Home » Reviews » Movie Reviews » Gulabo Sitabo – Amitabh Bachchan and Ayushmann Khurranna’s dramedy is an anti-thesis of Paresh Rawal-Akshay Kumar ‘nok jhok’ in Hera Pheri

Rating: ***1/2

Director Priyadarshan had once famously said that his films are basically ‘comedy of poverty’. Especially after the success of Hera Pheri, this started making sense as well. Now in a way, Shoojit Sircar’s Gulabo Sitabo could well be paying an ode to this genre, though it is more as a ‘dramedy of poverty’.

The core backdrop is in fact somewhat similar. In Hera Pheri, it was about the clash of landlord Babu Bhaiyaa [Paresh Rawal] and his ‘muftkhor’ tenant Raju [Akshay Kumar]. In Gulabo Sitabo, the set up has Mirza [Amitabh Bachchan] and Bankey [Ayushmann Khurranna] being exasperated with each other. They are all perpetually broke. Mirza needs to sell off bulbs and chandeliers from his ‘sau saal puraani haveli’ to make ends meet, Bankey doesn’t even have a measly 30 rupees to pay off his monthly rent.

Well, the conflict is real, though at the core of it all, things are rather innocent. No one really means big harm to each other. When Mirza sees Bankey’s little sister unwell, he forgets all about his rent. When Bankey sees Mirza stepping out in sun to get custody of his house, there is a bit of genuine concern in there somewhere.

Yet, they begin and end their days with taunting each other, especially about their poor status. Mirza doesn’t believe Bankey is ‘khandaani’ by a distance, and Bankey believes that it is about time Mirza moves on from the facade of being a ‘nawab’.

The premise could well have made for a rollicking comedy, the one which is over the top with several slapstick movements thrown in as well. However, the world as imagined by writer Juhi Chaturvedi and as visualized by director Shoojit Sircar is different. They keep it all subtle, and realistic. There aren’t any overtly high or low moments in the film. It all stays static, even though there are opportunities galore to make things a lot more dramatic, courtesy an archaeology officer [Vijay Raaz] and a lawyer [Brijendra Kala].

The men in fact have quite some screen time in the film which is spearheaded by a living legend for over half a century and a star who has seen seven theatrical successes in a row already. While Big B still manages to make the biggest impact, with several meaty scenes to his credit, surprisingly one sees Ayushmann rather sparsely in the film with his scenes scattered here and there. There are glimpses of brilliance that the actor throws occasionally, the kind that he is known for now with his current star status. However, one would have expected a lot more of him.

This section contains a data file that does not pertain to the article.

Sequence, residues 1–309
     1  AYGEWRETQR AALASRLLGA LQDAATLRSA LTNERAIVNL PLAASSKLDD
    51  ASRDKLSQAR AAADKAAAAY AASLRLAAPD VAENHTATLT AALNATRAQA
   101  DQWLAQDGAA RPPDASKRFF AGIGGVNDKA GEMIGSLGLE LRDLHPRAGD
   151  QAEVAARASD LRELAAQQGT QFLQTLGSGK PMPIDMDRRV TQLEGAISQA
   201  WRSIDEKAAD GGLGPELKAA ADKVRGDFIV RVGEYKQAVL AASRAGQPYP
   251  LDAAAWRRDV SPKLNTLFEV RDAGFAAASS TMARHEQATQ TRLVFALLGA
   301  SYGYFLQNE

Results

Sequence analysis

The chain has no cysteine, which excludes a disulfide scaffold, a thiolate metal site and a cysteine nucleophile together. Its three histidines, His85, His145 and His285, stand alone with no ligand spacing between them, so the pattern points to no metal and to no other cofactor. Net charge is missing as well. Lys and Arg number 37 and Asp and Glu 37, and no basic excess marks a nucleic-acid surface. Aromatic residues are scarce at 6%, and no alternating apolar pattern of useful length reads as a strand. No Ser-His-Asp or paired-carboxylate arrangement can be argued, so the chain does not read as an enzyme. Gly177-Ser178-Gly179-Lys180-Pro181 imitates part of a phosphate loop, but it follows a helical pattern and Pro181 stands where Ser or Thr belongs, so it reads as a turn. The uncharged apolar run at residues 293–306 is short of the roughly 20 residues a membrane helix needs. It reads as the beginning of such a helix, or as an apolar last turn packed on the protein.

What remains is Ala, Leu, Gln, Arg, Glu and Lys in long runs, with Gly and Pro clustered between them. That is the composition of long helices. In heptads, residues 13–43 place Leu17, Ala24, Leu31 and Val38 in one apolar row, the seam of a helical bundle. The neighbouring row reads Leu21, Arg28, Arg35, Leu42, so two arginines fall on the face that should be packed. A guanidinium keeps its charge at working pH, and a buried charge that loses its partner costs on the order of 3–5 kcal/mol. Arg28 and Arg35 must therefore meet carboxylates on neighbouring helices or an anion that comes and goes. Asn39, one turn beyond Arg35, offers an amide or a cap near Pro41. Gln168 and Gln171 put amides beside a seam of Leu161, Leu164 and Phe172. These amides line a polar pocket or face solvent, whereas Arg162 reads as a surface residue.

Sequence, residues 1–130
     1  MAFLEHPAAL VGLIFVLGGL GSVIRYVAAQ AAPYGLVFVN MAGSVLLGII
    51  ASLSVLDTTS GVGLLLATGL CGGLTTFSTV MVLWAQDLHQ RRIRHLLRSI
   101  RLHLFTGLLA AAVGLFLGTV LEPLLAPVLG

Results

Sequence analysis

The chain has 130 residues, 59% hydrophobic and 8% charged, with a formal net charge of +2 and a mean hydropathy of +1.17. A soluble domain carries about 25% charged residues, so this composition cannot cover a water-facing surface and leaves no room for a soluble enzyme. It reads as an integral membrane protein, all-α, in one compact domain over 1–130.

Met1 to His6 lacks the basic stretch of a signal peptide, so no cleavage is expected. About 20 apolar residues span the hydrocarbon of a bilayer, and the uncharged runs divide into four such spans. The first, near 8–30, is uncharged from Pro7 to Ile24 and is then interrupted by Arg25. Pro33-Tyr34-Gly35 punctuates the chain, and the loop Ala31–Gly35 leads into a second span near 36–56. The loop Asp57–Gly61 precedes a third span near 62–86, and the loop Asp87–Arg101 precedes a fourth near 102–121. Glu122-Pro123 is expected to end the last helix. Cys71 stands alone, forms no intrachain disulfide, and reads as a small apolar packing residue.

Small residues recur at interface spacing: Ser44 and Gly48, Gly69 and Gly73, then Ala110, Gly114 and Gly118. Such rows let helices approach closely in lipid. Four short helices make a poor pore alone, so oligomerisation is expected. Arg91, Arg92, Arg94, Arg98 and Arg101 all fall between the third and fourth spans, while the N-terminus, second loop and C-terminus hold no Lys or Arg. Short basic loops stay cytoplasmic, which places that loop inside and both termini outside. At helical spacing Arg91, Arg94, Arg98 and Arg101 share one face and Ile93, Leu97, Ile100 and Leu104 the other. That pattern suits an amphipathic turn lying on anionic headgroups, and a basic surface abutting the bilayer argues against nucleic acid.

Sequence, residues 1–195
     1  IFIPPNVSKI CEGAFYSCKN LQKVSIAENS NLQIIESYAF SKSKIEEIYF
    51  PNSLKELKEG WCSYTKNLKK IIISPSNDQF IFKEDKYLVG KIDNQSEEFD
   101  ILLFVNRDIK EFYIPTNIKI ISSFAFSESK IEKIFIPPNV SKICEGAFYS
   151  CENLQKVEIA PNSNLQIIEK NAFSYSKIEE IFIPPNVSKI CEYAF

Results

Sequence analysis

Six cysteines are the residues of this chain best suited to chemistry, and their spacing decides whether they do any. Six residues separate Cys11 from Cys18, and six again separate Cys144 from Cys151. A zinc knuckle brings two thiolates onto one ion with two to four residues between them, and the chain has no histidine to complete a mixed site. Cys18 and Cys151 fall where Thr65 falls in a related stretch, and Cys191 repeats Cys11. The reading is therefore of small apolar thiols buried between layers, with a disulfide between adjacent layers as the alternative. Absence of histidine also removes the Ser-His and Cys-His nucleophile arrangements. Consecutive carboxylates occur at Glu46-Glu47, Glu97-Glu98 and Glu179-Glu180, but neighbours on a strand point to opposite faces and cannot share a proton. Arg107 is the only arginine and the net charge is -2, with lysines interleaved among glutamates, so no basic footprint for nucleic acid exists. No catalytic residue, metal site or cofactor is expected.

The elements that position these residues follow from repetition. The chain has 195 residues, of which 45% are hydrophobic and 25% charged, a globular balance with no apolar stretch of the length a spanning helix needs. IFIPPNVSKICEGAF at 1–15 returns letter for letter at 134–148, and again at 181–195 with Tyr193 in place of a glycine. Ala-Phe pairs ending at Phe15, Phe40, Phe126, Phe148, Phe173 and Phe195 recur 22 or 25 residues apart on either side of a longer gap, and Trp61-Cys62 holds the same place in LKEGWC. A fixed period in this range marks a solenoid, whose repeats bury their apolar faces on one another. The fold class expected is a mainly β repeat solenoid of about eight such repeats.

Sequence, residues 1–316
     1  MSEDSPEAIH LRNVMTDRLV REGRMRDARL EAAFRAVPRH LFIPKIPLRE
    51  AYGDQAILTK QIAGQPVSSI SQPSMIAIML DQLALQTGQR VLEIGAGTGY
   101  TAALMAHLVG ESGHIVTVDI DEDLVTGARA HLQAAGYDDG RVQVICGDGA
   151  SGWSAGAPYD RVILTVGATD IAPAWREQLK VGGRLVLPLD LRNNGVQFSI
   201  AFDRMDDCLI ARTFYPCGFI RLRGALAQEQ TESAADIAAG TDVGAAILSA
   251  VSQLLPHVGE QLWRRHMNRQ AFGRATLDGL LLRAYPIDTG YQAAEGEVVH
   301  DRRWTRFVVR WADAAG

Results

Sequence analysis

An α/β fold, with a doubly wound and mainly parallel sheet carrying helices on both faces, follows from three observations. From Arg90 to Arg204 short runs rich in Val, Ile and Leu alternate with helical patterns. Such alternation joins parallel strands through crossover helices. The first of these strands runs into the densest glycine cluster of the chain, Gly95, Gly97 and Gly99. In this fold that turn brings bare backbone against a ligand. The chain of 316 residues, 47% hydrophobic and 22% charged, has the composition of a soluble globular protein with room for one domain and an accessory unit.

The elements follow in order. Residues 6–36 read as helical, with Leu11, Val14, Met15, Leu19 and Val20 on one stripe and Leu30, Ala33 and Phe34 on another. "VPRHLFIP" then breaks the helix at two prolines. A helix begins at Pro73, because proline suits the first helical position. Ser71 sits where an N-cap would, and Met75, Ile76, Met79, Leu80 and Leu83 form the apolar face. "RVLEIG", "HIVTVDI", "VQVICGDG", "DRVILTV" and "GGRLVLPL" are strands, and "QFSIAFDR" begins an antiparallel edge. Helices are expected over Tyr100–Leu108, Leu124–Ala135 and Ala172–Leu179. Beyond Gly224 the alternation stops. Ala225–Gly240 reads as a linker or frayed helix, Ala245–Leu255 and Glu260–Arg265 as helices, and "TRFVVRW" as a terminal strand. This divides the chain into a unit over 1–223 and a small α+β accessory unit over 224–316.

There are no such complaints around Amitabh Bachchan’s presence in the film though. Right from his body language to his mannerisms to the way he brings on emotions around his frequent amazement at all that money can buy to his makeup, there is a new Amitabh Bachchan that one gets to see. That said, at least for the first 30 minutes, it is tough to comprehend some of his dialogues, though courtesy the film’s release on OTT, there are subtitles to help the cause.

There are subtleties at play though in this dramedy that moves at its own fine pace for those two hours. It takes long to comprehend the relationship between Amitabh Bachchan and his 95 year old wife Farrukh Jafar, who actually has a major role to play in the narrative, till there is substantial duration of the film that has passed. 

Also, you aren’t much convinced about the intentions and actions of Vijay Raaz and Brijendra Kala, especially around whose side are they really on. Moreover, for all the self assurance that Ayushmann’s sister (played by Srishti Shrivastava) comes with, it borders on being overdone. The pre-climax and the climax, though surprising indeed with a major twist, puzzles you too.

Still, what remains with you is the ‘dramedy of poverty’ that both Amitabh Bachchan and Ayushmann Khurranna find themselves in. Tragic as it may seem, especially with the kind of after lives that both the characters are faced with, you do realize that the fable of the ever-squabbling Gulabo Sitabo did fit in well into the overall theme of their life and times.